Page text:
If you only had springs on your storm door, it would slam shut so fast before you even have the time to enter the house. With this closing mechanism, you have sufficient time to open your front door before it closes.
You can adjust the rate of closing depending on how fast or slow you want it to be. The slower the air or fluid is released, the more time it takes before your storm door closes all the way.
How do you adjust a storm door with two closers?
The good thing about door closers is that they can be adjusted according to your desired speed and resistance. It is important that your storm door's closing mechanisms will keep it from slamming shut and they should also close all the way to ensure your security.
The operation of your storm door closers is affected by the changing of the seasons. Changes in temperature and air pressure would require you to adjust the settings of your closers so that they will function properly.
When you have two storm door closers installed, you can adjust them one at a time. Here's how to do it.
- Have your Phillips screwdriver and pliers ready.
- Close your storm door and start disconnecting your bottom closer.
- Use your pliers to remove the pin that connects the closer to your door panel. Swing the closer away from the door.
- Now, with only one closer that's working, open the door fully and then close it again. Take note of its speed of its closing.
- Use your Phillips screwdriver to adjust the screw at the top closer. If you want your storm door to close faster, turn the screw counterclockwise. If you want to make it slower, turn it clockwise.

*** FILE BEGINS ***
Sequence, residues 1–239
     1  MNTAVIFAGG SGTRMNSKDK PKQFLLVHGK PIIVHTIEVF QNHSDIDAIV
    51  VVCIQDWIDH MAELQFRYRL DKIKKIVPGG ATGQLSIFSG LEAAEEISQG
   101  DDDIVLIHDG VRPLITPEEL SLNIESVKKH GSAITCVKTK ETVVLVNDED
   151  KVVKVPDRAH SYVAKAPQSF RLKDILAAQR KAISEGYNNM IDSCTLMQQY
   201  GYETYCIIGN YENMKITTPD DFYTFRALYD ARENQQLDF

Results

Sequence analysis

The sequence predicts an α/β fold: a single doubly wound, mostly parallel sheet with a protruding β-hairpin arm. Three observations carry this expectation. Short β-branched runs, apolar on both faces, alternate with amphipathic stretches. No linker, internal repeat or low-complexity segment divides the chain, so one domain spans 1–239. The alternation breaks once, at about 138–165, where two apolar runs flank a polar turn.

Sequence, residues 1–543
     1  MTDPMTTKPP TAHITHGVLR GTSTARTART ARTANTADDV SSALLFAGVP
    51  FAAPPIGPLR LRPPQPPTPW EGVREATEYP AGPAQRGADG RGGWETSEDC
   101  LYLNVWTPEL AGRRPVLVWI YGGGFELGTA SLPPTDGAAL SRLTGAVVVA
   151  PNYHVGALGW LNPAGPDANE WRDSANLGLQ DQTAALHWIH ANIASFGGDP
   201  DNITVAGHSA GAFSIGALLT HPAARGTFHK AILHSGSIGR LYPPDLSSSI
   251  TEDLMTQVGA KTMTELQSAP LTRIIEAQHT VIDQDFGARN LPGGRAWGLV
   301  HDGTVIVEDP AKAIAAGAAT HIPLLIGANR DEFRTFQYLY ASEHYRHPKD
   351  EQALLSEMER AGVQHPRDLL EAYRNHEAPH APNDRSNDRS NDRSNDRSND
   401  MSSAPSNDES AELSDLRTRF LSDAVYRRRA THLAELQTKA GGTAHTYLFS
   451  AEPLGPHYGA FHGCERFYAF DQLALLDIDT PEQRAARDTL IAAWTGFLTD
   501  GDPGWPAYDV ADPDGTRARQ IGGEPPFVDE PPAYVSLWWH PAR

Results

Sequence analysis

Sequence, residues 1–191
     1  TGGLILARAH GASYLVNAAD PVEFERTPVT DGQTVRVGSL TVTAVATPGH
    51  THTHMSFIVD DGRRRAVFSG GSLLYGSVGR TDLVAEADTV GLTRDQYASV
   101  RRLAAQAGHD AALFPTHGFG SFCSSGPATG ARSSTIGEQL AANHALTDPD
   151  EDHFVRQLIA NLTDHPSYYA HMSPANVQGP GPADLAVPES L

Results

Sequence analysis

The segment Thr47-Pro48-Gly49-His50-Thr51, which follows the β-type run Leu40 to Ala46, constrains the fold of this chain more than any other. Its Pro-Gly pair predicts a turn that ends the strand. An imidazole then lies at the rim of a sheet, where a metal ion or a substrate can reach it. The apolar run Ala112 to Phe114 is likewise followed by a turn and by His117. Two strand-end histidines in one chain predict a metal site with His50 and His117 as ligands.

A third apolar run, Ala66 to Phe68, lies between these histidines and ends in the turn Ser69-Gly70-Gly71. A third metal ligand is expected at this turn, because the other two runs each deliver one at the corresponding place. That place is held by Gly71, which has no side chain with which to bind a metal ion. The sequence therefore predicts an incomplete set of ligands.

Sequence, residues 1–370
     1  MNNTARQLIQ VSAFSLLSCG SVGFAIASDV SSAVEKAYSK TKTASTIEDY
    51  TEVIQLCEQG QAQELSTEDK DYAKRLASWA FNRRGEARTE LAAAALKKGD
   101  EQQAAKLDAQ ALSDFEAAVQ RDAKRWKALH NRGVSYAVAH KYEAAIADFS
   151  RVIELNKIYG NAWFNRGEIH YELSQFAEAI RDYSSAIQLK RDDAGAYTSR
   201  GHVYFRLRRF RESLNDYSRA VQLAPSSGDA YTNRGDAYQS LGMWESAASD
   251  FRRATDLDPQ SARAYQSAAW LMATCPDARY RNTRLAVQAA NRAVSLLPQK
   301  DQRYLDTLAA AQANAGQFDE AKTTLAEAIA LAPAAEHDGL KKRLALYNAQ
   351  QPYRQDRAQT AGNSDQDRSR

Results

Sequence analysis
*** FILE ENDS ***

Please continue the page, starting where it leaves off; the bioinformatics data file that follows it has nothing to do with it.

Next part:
- Turn the screws a little at a time and check the rate of closing after each turn. Stop when you've achieved your desired speed.
- Reinstall the bottom closer by putting back the pin that holds it in place.
- Now, disconnect your top closer by removing the pin.
- Check how fast the storm door closes.
- Adjust the screw on your bottom closer until you attain your preferred closing speed.
- Re-attach the top closer.
- Check if both closers are working harmoniously to close your storm door smoothly and have it shut firmly.
For those with double closers, take note that adjustments always need to be done on both closers. You can't just make the adjustment on one side. Otherwise, your storm door won't work properly. Balance is the key.
Are door closers required by code?
A door is a barrier against fire. When a door is left open when there is a fire, smoke and heat can freely pass from one area to the next. Air is also pulled into the room that's on fire which can worsen the situation and create a bigger fire. This can result in greater damage to property, injuries, and even death.
The door closers are crucial for automatically shutting the fire doors that would help manage the situation better. In other words, these closers are seen as an effective fire prevention measure that would help a lot in protecting people and their properties.
They will keep outside air from getting inside, reducing the risk of an even greater fire. This is why the National Fire Prevention Association or NFPA has mandated the installation and use of door closers on fire doors within an establishment under the NFPA 80 code.
This particular section is entitled "Standard for Fire Doors and Other Opening Protectives." This code is intended to stop the spread of fire and smoke within or out of the building.
When fire and smoke are contained in one area, they are easier to put off and have the situation under control. Door closers can help save lives and reduce the damage caused by fire.
A storm door may have one or two closers depending on the homeowner's preference and need. No matter if there's one or two, the good thing is that these closers are easy to install and adjust so that you can get your storm door to close smoothly.